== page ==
And I think I'm right in saying that Penrose has been more influential in management than economics. This related to Cowen's point about Penrose being "halfway between economics and the business school tradition". It is the management, business school, scholars who have developed Penrose's ideas, in the "resource-based theories of the firm", rather than the economists who have followed Ronald Coase, and to a lesser degree Frank Knight.

Cowen is likely right when he says Penrose,
is a not so well-known but highly underrated economist
At least as far as economics is concerned.

Friday, 19 January 2018

The Big Mac index

The Economist’s Big Mac index gives a flavour of how far currency values are out of whack. It is based on the idea of purchasing-power parity, which says exchange rates should move towards the level that would make the price of a basket of goods the same everywhere. Our basket contains only one item, but it is found in around 120 countries: a Big Mac hamburger.

If the local cost of a Big Mac converted into dollars is above $5.28, the price in America, a currency is dear; if it is below the benchmark, it is cheap. The average cost of a Big Mac in the euro area is €3.95, or $4.84 at the current exchange rate. That implies the euro is undervalued by 8.4% against the dollar.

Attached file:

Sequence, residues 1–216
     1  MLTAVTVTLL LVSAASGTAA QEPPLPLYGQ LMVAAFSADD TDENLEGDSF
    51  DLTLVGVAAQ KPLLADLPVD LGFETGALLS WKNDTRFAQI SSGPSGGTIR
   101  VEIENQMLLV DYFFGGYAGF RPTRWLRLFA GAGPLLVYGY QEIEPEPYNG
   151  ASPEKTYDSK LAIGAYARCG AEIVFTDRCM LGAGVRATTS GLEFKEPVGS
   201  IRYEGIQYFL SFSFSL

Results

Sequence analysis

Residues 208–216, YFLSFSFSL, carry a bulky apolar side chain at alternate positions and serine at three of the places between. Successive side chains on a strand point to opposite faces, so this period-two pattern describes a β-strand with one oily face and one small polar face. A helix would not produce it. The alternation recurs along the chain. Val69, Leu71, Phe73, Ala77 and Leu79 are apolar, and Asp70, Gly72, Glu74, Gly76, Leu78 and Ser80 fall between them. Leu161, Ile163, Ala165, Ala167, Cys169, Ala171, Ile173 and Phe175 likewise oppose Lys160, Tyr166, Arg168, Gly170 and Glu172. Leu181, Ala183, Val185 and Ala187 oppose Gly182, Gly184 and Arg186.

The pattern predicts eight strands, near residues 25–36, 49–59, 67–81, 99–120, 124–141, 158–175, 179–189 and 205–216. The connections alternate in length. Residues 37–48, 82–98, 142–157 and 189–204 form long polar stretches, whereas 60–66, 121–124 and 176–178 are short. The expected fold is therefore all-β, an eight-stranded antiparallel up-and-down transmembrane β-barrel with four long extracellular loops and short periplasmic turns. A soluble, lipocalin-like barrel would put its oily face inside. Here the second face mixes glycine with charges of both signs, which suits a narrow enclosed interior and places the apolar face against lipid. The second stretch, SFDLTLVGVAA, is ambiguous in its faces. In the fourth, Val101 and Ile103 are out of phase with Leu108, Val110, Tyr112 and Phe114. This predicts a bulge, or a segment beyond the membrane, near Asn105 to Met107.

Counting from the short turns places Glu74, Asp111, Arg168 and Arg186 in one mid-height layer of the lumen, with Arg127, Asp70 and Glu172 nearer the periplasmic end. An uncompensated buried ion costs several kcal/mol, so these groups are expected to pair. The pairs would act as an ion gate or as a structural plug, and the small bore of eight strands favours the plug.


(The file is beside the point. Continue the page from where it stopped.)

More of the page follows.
The New Zealand dollar looks a bit cheap.

Emily Oster on diabetes and diet, disease and vaccinations and debunking pregnancy myths

From the Economic Rockstar podcast come this interview of Emily Oster by Frank Conway. Professor Oster (Economics, Brown Univeristy) is the author of “Expecting Better: Why the Conventional Pregnancy Wisdom Is Wrong — and What You Really Need to Know”.

Tuesday, 16 January 2018

The life of Edith Penrose

Angela Penrose, writer and journalist and daughter-in-law of Edith Penrose, will present 'No Ordinary Woman', the first biography of Edith Penrose, author of The Theory of the Growth of the Firm, a remarkable woman and distinguished scholar. Born in 1914, Edith Penrose spent much of her academic career as Professor of Economics at SOAS, having previously held a joint appointment at LSE and SOAS. As well as the theory of the firm, her research included the international patent system and innovation; multinational firms and foreign investment; oil companies and the economies of the Middle East; and economic development.